Acetobacter diazotrophicus, a nitrogen-fixing bacterial endophyte of sugarcane: Analysis of nifHDK genes, plant colonization, and growth promotion
AuthorSevilla, Myrna Quijano
AdvisorKennedy, Christine K.
MetadataShow full item record
PublisherThe University of Arizona.
RightsCopyright © is held by the author. Digital access to this material is made possible by the University Libraries, University of Arizona. Further transmission, reproduction or presentation (such as public display or performance) of protected items is prohibited except with permission of the author.
AbstractAcetobacter diazotrophicus, a nitrogen-fixing bacterial endophyte, is believed to be responsible for biological nitrogen fixation (BNF) in sugarcane. However, no monocot has yet been unequivocally shown to receive fixed N through BNF. The main question addressed in this dissertation is whether A. diazotrophicus promotes plant growth, and if so, whether growth promotion is via BNF. Another question is whether the growth benefits can be extended to other grasses. To answer these questions, the nifHDK genes encoding the protein subunits of the nitrogenase enzyme were first isolated and sequenced. Secondly, Nif⁻ mutant strains were constructed by inserting a gene cassette in nifD. The growth of sugarcane plants inoculated with A. diazotrophicus wild type and Nif⁻ mutant strains were compared in growth chamber, greenhouse, and field experiments. A. diazotrophicus was also tagged with marker genes to investigate the colonization process in sugarcane and other grasses. The effect of A. diazotrophicus on the growth of other grasses was also determined. Analysis of the A. diazotrophicus NifHDK sequence revealed features typical of proteobacterial nifHDK genes and gene products. Phylogenetic analysis established the close relationship of A. diazotrophicus with the α-proteobacteria and the β-proteobacterium, Herbaspirillum seropedicae, another sugarcane endophyte. Nif⁻ mutant strains established endophytically in sugarcane plants equally well as wild type strains. ¹⁵N₂ incorporation experiments demonstrated that wild type strains but not the Nif⁻ mutants fixed N inside sugarcane plants with decreased fixation when plants were grown in medium with fixed N. In N-deficient conditions, sugarcane inoculated with wild type strains grew better and had higher total N content than either uninoculated or plants inoculated with Nif⁻ mutants. When N was not limiting, growth enhancement was observed in plants inoculated with either wild type or the Nif⁻ mutants. These results suggest that depending on the nitrogen condition, A. diazotrophicus promotes sugarcane growth via nitrogen fixation and other growth promoting factor. The results also indicated a possible strain-cultivar specificity in growth promotion. A. diazotrophicus colonized other grasses through different entry sites but was limited in the root. Under N-deficient conditions, wild type strain but not the Nif-- mutant promoted rice seedling growth indicating the beneficial effects of A. diazotrophicus to other grasses.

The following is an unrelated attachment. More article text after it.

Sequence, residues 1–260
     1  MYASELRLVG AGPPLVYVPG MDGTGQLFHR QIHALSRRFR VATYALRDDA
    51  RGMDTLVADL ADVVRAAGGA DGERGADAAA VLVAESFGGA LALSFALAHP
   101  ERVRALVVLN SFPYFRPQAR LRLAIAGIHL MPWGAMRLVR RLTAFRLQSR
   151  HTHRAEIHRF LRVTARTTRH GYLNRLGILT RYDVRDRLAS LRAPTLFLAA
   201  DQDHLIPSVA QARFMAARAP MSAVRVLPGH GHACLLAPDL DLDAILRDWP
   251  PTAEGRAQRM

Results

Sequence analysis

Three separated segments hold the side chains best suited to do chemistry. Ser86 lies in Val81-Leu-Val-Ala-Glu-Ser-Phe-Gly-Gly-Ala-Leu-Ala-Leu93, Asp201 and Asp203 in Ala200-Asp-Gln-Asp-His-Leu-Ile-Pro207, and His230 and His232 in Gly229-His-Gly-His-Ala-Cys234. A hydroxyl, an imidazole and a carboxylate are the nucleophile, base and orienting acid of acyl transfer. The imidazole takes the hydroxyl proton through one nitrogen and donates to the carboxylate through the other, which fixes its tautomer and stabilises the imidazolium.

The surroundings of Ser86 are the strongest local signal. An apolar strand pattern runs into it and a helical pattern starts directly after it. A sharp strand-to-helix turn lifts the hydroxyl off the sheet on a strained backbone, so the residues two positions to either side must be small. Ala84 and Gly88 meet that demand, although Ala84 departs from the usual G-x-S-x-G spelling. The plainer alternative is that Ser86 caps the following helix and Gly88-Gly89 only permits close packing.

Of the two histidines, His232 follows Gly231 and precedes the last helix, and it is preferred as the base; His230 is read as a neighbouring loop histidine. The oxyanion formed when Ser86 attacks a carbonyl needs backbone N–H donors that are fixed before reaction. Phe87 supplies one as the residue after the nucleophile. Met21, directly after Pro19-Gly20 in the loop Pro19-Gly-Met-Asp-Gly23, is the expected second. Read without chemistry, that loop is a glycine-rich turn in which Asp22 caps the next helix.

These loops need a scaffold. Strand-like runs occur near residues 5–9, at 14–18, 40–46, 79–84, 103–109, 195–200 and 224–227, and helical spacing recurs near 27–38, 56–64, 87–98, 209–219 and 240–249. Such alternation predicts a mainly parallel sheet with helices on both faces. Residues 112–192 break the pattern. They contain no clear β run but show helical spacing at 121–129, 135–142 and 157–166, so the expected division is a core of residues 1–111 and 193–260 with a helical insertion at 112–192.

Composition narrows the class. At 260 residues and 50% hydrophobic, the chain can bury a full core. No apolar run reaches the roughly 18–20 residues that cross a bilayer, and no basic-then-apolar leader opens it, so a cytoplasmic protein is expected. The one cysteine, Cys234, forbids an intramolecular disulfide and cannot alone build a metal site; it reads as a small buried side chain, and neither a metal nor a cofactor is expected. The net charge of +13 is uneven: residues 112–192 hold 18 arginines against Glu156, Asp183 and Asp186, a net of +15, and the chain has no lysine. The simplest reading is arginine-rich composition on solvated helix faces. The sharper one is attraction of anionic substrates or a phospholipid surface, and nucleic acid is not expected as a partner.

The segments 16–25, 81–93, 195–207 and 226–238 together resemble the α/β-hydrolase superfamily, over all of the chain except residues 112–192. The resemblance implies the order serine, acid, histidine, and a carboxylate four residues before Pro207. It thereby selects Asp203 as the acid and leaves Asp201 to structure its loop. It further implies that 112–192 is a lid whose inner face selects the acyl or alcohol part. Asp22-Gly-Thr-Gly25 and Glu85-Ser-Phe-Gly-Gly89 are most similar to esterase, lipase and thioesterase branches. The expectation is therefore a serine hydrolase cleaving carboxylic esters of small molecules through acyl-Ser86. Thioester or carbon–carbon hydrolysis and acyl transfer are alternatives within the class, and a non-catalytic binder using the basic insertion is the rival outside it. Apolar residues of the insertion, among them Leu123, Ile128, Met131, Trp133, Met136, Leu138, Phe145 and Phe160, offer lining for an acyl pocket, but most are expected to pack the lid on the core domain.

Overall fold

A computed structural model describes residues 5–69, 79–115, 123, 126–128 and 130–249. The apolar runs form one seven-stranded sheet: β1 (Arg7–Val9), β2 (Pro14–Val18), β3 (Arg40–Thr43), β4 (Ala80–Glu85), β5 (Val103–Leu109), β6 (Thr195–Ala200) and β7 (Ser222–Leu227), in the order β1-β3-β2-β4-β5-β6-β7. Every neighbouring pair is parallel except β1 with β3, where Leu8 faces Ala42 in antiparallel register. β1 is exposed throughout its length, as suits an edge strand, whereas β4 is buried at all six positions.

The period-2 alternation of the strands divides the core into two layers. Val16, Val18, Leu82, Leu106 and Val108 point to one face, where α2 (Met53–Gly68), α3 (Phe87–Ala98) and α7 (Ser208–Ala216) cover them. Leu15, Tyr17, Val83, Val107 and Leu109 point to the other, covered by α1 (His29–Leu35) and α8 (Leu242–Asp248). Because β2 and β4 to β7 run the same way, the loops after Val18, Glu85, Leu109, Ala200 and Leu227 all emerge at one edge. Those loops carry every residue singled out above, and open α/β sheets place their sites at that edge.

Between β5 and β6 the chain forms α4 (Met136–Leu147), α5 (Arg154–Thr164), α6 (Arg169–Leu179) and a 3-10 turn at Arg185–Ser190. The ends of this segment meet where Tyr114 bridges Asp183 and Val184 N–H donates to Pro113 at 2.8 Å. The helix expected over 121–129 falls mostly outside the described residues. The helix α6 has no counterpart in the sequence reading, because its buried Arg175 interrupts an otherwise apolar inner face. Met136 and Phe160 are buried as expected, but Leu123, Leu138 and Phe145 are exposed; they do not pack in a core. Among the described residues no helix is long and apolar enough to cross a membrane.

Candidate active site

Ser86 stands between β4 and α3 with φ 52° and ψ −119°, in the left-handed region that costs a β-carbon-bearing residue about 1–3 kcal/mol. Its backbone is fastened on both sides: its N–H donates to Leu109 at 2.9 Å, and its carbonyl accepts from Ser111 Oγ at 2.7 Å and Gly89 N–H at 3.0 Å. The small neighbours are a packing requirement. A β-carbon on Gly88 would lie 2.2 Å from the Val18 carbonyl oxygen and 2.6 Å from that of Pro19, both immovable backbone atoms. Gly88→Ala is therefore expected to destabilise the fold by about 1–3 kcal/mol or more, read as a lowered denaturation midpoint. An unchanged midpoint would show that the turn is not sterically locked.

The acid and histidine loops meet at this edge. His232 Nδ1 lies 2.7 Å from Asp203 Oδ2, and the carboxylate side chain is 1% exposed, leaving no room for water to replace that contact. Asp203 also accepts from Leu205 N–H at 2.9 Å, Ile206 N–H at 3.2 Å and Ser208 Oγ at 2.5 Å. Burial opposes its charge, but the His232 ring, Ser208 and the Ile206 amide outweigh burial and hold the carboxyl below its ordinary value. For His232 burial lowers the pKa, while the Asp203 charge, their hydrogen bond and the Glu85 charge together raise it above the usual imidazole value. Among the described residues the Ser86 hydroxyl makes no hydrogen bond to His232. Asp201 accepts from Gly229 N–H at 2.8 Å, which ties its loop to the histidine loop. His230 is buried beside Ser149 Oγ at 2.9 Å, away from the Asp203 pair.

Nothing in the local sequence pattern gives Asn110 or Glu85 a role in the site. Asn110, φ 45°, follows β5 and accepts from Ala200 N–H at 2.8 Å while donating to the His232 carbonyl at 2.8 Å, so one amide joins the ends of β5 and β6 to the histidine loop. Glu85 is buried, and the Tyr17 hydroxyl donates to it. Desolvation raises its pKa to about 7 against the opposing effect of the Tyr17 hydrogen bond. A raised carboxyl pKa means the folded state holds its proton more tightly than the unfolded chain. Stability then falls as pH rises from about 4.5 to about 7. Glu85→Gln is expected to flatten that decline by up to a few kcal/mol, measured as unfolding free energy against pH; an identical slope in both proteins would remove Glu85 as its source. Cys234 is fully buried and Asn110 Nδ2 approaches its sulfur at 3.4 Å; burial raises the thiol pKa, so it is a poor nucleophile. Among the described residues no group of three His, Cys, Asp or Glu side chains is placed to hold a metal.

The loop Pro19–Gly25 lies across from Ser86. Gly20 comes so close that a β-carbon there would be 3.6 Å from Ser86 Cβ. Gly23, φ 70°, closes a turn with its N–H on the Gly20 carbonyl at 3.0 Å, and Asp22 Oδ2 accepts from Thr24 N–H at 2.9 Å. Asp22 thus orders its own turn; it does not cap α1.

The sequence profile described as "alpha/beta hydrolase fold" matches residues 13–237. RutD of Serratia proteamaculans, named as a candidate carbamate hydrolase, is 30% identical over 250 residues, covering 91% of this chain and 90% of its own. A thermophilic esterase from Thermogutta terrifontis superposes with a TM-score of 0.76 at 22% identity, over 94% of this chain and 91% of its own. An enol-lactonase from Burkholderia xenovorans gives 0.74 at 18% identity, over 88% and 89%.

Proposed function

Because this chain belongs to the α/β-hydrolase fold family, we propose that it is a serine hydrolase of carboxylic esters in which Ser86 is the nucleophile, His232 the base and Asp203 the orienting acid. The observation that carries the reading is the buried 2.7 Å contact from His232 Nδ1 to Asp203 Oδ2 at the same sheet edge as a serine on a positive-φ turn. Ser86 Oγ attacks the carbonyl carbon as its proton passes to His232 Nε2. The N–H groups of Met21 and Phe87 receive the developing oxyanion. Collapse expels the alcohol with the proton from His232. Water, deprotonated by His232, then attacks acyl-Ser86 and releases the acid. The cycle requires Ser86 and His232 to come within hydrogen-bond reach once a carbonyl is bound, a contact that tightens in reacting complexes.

Degree ProgramGraduate College